The Dual Function Of The Cross
– by Dr. Siva Moodley
People often ask me – where does sickness come from? Romans 5:12 tells us that in the Garden of Eden, with the fall of man, both sin and death by sin (sickness – it’s ultimate purpose to kill you) came into the world. I call this the double curse. Sin and sickness are twins, and both are just as destructive. Both will steal, kill, and destroy, fulfilling satan’s purpose (Jn 10:10). The good news is that the Bible declares that while we die in the first Adam, in the last Adam (Jesus) we will live (1 Cor 15:22). Hence, there is a double cure (salvation and healing) for the double curse.
Sin and sickness are the works of the devil
“For this purpose the Son of God was manifested, that He might destroy the works of the devil.” – 1Jn 3:8. Sin and sickness are the works of the devil. Jesus came to destroy not one, but both the works of the devil, and He did it. Isaiah 53, which describes the work of the Cross, explains: “Who hath believed our report? and to whom is the arm of the Lord revealed? For he shall grow up before him as a tender plant, and as a root out of a dry ground: he hath no form nor comeliness; and when we shall see him, there is no beauty that we should desire him. He is despised and rejected of men; a man of sorrows, and acquainted with grief: and we hid as it were our faces from him; he was despised, and we esteemed him not. “Grief” is the Hebrew word chŏlîy which means sickness, disease (Strongs 2483). Jesus was acquainted (fully understood, experienced in) sickness and disease. Jesus understood what it meant to have cancer, leukemia, diabetes, in fact every type of sickness/disease. “Sorrow” is the Hebrew word mak’ôb which means grief, pain, sorrow as a result of sickness/disease (Strongs 4341).
God does not provide temporary relief from sickness
“Surely he hath borne our griefs, and carried our sorrows: yet we did esteem him stricken, smitten of God, and afflicted.” – Isa 53:4. “Borne” is the Hebrew word nâsâh which means to lift, carry away, take away (Strongs 5375). Sickness (like sin) was carried away. Borne is not relief from sickness. God does not provide temporary relief from sickness/disease, like medication does. He literally carries it away. Not only does He take away sickness/disease far away from us, He also takes away the pain associated with it.
The medical world tells us that these two entities, while often related, are treated separately. There is treatment for the sickness/disease and there is treatment for the pain. The good news is Jesus has dealt with both. Isaiah 53:4 simply says that Jesus on the Cross carried away all our sicknesses/diseases and the pain associated with it, but we were not impressed when we saw Him on the Cross, as it seemed that God the Father had purposely made Him sick.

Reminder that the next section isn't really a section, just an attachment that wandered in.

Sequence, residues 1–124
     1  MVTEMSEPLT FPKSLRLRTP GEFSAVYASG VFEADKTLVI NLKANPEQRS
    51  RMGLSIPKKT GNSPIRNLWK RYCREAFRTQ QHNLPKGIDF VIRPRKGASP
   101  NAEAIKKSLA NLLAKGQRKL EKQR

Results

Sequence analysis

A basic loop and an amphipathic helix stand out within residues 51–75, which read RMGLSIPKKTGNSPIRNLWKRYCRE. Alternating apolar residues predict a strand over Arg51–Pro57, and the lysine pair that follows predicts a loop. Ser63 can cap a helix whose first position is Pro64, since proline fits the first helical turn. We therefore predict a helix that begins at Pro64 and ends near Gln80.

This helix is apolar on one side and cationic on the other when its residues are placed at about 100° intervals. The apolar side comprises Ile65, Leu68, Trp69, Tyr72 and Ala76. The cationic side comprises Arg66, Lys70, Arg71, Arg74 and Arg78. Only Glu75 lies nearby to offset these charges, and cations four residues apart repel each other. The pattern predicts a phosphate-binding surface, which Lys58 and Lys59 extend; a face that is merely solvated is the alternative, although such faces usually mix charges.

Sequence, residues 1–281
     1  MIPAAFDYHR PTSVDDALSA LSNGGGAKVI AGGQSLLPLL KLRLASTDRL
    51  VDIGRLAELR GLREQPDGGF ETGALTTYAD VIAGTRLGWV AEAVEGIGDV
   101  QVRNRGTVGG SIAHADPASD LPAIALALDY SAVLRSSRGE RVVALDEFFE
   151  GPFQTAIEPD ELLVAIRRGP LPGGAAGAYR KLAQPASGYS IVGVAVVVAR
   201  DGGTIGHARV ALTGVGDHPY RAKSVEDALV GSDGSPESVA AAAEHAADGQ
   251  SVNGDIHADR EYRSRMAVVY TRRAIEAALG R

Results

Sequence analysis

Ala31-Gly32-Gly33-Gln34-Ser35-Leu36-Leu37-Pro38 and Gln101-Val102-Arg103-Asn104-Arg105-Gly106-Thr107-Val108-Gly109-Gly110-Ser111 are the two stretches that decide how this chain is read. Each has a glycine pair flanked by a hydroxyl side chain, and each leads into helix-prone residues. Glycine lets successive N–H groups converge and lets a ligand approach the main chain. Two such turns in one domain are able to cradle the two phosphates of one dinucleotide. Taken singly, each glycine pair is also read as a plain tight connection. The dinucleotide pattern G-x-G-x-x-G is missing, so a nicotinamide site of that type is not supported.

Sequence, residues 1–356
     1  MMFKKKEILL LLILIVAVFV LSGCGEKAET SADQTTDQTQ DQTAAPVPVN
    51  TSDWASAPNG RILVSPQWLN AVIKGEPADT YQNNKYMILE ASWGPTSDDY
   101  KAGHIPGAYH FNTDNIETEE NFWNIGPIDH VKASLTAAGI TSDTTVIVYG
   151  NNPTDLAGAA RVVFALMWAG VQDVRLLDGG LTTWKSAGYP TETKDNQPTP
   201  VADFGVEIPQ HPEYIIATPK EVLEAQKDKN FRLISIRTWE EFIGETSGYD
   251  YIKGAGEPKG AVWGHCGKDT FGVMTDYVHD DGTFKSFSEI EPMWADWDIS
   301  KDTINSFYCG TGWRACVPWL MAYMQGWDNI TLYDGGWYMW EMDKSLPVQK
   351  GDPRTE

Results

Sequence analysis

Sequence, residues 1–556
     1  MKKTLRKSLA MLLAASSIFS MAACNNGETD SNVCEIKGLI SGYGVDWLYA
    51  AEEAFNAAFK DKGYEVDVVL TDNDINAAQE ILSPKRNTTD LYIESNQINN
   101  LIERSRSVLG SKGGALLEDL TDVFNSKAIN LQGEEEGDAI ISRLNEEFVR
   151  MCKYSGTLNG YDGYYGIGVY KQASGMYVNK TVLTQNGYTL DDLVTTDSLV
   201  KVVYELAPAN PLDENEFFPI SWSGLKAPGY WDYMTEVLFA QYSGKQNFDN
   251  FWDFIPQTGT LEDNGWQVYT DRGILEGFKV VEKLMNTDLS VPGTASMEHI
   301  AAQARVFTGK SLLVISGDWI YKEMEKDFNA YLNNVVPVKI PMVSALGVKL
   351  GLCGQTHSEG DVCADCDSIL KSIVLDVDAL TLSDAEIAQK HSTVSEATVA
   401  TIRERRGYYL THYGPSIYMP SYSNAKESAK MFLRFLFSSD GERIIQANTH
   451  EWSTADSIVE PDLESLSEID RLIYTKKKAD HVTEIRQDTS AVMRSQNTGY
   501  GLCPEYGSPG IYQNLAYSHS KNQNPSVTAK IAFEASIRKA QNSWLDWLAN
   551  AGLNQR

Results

When Jesus became sin, He became sickness also
The Bible commentators, Jamieson, Fausset & Brown explain in Isaiah 53:4: “But yet He hath taken (or borne) our sicknesses,” that is, they who despised Him because of His human infirmities ought rather to have esteemed Him on account of them; for thereby “Himself took our infirmities (bodily diseases).” Many have incorrectly learnt that Jesus only carried all our sins on Him as He went to the Cross. “Yet it pleased the Lord to bruise him; he hath put him to grief: when thou shalt make his soul an offering for sin, he shall see his seed, he shall prolong his days, and the pleasure of the LORD shall prosper in his hand.” – Isa 53:10. ‘He hath put him to grief’ – means the Father made Him sick. ‘When thou shalt make his soul an offering for sin’ – means when Jesus became sin, He became sickness also.
Jesus didn’t only die for our sins
Not only did Jesus carry to the Cross all our sins, but also all our sicknesses/diseases. Numbers 21:8-9 and Matthew 8:16-17 confirms this. He died for both our salvation and sickness/disease. I believe that He would still have died for just one sick person, even if there were no sinners. By His wounds on the Cross, you are healed. Receive it now.
JOY! Magazine (October 2017)